Blue Eyed Jane Elliott Essay
Students will recognise that when one aspect of our identity is privileged above others by members of society, it can affect how we see ourselves, how we see others, and the choices we ultimately make.
In the last lesson, students examined the range of responses that individuals and groups can have when they encounter difference, and they looked in their own communities for examples and echoes of behaviours described in a poem by James Berry.
Members of the privileged group were told they were smarter, quicker, better behaved, and more respectful than their peers in the other group, and they received benefits such as longer break-time, access to the playground equipment, and second helpings at lunch.
They were also instructed not to interact with classmates in the other group, who had to wear coloured collars to help distinguish them from a distance.
She stated “I watched what had been marvelous, cooperative, wonderful, thoughtful children turn into nasty, vicious, discriminating little third-graders in a space of fifteen minutes” (A Class, 2003). The daring racism experiment that people still talk about 20 years later.
At this point she had realized that she had “created a microcosm of society in a third-grade classroom.” Elliott continued to perform this exercise every year in her classroom (A Class, 2003). Retrieved from: org/wgbh/pages/frontline/shows/divided Capretto, L. This entry was posted on Sunday, October 11th, 2015 at pm and is filed under Uncategorized.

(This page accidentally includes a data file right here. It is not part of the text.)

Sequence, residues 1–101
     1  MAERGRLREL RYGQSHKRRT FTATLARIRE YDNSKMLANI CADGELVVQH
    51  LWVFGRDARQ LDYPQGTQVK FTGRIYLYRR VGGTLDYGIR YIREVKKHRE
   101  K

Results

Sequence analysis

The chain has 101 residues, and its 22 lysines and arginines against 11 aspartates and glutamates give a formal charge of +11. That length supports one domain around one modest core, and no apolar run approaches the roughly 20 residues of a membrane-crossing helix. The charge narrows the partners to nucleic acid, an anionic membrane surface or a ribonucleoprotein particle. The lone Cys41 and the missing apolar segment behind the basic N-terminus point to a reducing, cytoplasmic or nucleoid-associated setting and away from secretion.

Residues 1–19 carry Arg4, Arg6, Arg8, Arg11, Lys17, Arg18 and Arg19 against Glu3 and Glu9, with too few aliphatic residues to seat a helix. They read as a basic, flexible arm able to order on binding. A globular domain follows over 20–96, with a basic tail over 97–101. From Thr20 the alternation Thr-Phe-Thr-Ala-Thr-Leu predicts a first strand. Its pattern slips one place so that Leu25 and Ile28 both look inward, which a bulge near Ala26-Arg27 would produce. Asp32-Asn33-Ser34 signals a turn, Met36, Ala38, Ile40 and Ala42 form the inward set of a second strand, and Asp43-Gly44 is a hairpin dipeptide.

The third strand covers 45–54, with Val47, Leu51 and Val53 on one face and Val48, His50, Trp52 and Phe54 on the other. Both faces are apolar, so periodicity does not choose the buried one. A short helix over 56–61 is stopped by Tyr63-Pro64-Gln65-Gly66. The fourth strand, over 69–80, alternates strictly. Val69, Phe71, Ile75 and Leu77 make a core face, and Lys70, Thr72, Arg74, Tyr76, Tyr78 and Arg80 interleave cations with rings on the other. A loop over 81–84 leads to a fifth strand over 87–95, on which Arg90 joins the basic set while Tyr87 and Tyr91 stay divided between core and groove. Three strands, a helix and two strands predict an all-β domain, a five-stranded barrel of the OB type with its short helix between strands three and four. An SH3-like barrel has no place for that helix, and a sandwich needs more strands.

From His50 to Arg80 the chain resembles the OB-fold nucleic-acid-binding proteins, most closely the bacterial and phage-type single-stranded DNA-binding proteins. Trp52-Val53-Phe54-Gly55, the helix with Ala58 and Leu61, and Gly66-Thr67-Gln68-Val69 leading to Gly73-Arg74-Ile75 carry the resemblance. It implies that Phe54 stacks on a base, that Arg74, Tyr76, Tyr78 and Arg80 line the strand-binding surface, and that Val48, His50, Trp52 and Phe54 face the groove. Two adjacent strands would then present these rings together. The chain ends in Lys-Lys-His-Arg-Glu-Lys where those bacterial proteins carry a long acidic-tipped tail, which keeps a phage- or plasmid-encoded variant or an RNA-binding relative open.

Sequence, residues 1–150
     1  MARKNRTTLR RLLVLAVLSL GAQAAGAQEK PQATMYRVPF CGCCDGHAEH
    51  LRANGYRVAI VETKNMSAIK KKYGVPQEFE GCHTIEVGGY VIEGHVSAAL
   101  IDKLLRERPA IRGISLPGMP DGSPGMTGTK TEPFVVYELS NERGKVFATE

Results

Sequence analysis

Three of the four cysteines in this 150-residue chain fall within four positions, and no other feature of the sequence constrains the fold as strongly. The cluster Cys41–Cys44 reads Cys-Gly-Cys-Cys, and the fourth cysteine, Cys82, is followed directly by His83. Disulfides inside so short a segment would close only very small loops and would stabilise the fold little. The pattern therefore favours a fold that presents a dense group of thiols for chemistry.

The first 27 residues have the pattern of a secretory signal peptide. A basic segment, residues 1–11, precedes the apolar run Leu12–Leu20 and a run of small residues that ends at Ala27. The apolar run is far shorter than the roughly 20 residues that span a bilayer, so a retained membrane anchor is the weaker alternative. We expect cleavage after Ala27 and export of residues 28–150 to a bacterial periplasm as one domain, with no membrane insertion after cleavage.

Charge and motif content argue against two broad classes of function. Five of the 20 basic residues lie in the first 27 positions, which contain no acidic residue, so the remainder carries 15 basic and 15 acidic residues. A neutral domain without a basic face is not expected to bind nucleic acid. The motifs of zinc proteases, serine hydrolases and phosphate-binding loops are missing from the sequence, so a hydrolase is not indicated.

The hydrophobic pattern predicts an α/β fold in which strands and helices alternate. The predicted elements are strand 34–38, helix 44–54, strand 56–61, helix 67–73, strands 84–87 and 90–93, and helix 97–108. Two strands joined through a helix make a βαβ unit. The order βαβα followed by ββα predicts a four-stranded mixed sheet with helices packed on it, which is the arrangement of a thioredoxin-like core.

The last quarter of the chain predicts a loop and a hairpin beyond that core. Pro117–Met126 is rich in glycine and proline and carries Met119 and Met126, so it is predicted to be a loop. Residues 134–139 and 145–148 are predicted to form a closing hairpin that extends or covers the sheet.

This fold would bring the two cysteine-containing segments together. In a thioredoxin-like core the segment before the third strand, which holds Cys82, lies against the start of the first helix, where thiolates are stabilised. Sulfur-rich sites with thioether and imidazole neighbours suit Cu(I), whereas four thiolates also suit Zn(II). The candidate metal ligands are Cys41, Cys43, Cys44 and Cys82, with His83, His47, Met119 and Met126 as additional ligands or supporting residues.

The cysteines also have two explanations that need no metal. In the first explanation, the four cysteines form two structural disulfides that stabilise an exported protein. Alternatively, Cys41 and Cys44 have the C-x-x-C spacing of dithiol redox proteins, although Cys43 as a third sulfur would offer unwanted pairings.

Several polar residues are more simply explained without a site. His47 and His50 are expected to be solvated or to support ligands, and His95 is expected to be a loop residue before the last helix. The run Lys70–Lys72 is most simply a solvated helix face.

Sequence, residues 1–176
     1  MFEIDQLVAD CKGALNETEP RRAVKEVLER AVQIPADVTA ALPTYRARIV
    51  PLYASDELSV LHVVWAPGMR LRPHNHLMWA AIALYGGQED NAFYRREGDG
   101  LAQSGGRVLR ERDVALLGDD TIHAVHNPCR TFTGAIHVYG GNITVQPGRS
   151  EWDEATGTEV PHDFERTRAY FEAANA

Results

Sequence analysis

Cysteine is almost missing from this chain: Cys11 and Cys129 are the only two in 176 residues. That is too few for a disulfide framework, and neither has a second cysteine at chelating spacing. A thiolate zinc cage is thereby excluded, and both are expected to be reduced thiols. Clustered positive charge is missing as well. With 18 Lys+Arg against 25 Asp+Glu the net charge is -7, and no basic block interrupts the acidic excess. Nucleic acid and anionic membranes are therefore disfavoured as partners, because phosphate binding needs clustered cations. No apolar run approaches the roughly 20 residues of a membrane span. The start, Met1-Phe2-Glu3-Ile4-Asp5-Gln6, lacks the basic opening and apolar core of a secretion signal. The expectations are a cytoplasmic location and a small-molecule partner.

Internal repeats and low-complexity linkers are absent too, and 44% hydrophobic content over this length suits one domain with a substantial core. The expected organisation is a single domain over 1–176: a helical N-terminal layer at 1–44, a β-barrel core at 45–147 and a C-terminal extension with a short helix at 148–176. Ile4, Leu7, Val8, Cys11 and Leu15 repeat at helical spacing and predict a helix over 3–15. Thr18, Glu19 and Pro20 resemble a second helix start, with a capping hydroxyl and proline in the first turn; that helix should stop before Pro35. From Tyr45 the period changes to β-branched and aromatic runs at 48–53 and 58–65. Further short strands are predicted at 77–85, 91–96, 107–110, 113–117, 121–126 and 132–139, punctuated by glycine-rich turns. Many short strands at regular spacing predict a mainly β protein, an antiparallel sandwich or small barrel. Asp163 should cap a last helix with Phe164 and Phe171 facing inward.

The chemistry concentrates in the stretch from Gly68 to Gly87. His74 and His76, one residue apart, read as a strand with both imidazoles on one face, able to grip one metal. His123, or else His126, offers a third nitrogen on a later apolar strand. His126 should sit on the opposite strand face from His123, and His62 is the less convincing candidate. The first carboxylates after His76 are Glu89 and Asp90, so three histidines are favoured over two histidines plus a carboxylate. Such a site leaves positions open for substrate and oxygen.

Martin Luther King Jr.’s assassination, an Iowan schoolteacher conducted a lesson on discrimination she called the "Blue eyes–Brown eyes" exercise.
Jane Elliott kept her third-graders separated in blue-eyed and brown-eyed groups for the rest of the day.
The film sheds light on the relationship between identity, group membership, privilege, prejudice, and discrimination. Feeling that her students were not fully grasping what she was trying to teach them about racism, prejudice, and discrimination, Elliot designed a two-day blue eye/brown eye experiment in which she privileged students with one eye colour over the other, the blue-eyed students on the first day and the brown-eyed students on the second.
Her former students stated later on that once you find out what it feels like to be hurt in that discriminatory way you don’t want to hurt others in that way ever again (A Class, 2003). You can follow any comments to this entry through the RSS 2.0 feed.
A little more than twenty years ago, “The Oprah Winfrey Show” decided to use Jane Elliott’s model to conduct a racial prejudice experiment with their audience, because at that point in time racial tensions were high due to the acquittal of the police officers that had been tried in the beating of Rodney King (Capretto, 2015). You can leave a comment, or trackback from your own site.
After, she divided the children into the two groups she told them that the blue-eyed children were smarter, nicer, cleaner and just plain better than those that had brown eyes.
She allowed the blue-eyed children to have special privileges, and made the brown-eyed children wear a collar, and she criticized everything that they did (A Class, 2003).